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Letters to the Editor

Readers write about airport detentions, bridging the racial divide in the US, the strength of democracies, and engaging Hamas.

July 23, 2007



Airport detentions resemble tactics from cold-war days

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The July 11 article, "Visit gone awry: Detention roils a US-German family," is troubling. What happens to people like Majed Shehadeh? What would have happened if he had had a medical emergency because his heart medication was kept from him for 36 hours?

Why would the US hold people overnight in a crowded cell with no mattresses and one toilet in the center of the cell? Why couldn't his wife see him?

The Department of Homeland Security has to be concerned about allowing a criminal or terrorist to enter the US. But what happens if the DHS later determines a person is not a terrorist or a criminal?

This kind of detention and removal seems like the treatment seen under communist countries or third-world dictatorships. Reading this article does not make me feel more secure at all.

Nancy Shivers
San Antonio

Bridging the racial divide

In response to the July 13 Opinion article, "Feeling way too white," I think the misunderstandings between Caucasians and African-Americans within the United States are largely due to ignorance on the part of both racial groups. We stereotype one another to such a degree that we are afraid to approach a different group for fear of altercation or unintentional insult.

African-Americans and Caucasian Americans may be surprised at how similar they are and the feelings they may share on religious and political issues within our country.

After spending 21 years serving in our country's armed forces and being exposed to individuals from all social, economic, and religious walks of life, the simple fact is that I found that if you take the time to get to know one another, you will find more similarities than not. These barriers that we think exist are merely a stereotype created within our own mind.

We all love our families, we all value education and a safe living environment, and we all care about the future of this nation. We may express it differently or some may relate their feelings more eloquently than others, but basically people just want an opportunity to live their lives to the fullest potential as the next guy without fear of prejudice or racism from any group impeding their goals or objectives.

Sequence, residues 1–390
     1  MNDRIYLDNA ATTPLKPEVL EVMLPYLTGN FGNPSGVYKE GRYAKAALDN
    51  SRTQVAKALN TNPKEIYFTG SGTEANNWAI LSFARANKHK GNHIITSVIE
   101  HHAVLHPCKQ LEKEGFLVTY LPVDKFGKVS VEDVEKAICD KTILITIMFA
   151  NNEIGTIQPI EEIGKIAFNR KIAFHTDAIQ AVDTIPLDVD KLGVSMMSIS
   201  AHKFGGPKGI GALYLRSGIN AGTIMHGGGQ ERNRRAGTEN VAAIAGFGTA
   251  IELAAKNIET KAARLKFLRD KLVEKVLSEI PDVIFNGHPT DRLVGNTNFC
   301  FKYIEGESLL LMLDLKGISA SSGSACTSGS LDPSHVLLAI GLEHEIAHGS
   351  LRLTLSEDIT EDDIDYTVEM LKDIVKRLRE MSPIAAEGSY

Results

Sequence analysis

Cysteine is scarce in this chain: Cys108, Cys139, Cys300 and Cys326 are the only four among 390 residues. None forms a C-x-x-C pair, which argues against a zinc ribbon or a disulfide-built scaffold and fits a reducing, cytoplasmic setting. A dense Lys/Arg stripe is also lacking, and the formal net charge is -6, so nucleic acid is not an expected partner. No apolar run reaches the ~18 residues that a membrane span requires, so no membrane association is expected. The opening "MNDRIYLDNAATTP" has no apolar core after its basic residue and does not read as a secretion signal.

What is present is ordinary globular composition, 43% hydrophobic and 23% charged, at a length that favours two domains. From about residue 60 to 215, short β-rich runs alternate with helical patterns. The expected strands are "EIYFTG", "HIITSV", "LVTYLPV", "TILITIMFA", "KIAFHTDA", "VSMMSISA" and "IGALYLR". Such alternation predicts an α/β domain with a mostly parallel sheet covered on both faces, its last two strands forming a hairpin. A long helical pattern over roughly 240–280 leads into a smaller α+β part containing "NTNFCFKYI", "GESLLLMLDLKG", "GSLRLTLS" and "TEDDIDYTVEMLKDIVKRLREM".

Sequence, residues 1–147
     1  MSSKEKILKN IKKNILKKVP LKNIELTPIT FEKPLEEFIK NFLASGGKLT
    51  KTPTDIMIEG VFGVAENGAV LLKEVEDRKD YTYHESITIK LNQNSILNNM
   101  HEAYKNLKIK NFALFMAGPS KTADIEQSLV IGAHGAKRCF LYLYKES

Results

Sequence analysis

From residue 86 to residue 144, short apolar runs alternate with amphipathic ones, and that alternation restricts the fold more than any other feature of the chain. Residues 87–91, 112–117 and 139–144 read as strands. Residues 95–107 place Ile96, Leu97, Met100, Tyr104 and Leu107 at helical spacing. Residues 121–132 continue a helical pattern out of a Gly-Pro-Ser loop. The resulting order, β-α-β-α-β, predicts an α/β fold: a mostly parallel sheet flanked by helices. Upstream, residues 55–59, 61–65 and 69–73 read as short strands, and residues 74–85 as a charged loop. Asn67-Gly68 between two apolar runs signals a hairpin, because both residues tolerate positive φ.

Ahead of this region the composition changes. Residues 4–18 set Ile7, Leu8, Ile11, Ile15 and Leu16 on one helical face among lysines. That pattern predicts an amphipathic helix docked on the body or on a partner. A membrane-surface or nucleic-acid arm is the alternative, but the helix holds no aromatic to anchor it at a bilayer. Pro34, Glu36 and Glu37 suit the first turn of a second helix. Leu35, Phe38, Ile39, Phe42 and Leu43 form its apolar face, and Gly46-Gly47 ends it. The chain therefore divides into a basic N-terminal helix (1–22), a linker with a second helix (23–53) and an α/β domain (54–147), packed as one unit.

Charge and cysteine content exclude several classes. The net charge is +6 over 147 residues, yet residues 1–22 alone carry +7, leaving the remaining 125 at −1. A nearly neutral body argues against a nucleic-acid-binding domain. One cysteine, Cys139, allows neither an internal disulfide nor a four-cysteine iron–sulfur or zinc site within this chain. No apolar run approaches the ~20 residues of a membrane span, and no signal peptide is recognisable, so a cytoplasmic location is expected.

Orlando Bryant
Laurel, Md.

Fear of terrorism must not prevail

Upon reading the July 12 Opinion article, "At stake in the Iraq war: survival of a way of life" by Andrew Roberts, I get confused. An occupier who speaks English is an occupier all the same, and even with the best of intentions the occupier will create internal fracturing within the country.

What we in the democratic world need to do is to start practicing what we preach. Life in Saudi Arabia is even less free than in Iran, but the regime evades criticism, even gets our support. China is criticized for not trading fairly with the US, but Cuba is barred from trading altogether. As long as US-British foreign policy is no more than a dictatorship popularity contest, terrorism will never be eradicated. We have seen more than a century of swapping West-unfriendly dictators, puppets, and military occupations for West-friendly dictators, puppets, and occupations.

The cold war threatened to physically end the world, while the terrorists of today are not even close to surpassing traffic as a health risk. There is a very real threat to our way of life, and it comes from our fear of terrorism and the means we are willing to employ in order to rid ourselves of that fear.

Gunnar Hansen
Malmö, Sweden

Hamas needs to recognize Israel

The view expressed in the July 17 Opinion article, "Yes, you can work with Hamas," that the US should engage Hamas as a way to move the Israeli-Palestinian peace process forward, is a recipe for disaster.

While it is indeed true that many people previously engaged in armed struggles have eventually had a seat at the table of nations, these individuals and groups renounced their terrorism and violence and accepted international norms of behavior to gain this legitimacy.

Unfortunately, Hamas has not met the three basic conditions laid out by the international community – to recognize Israel's right to exist, to renounce the use of terrorism, and to recognize previously negotiated Israeli-Palestinian agreements. The requirement by the international community that Hamas recognize Israel's right to exist is not mere polemics but a way to ensure that Hamas will abandon its goal of seeking the state of Israel's destruction through violent means.

Until Hamas meets these conditions, it is simply impossible to include them at the negotiating table, and doing so would indeed invite disaster.

Abraham Foxman
New York

National Director, Anti-Defamation League

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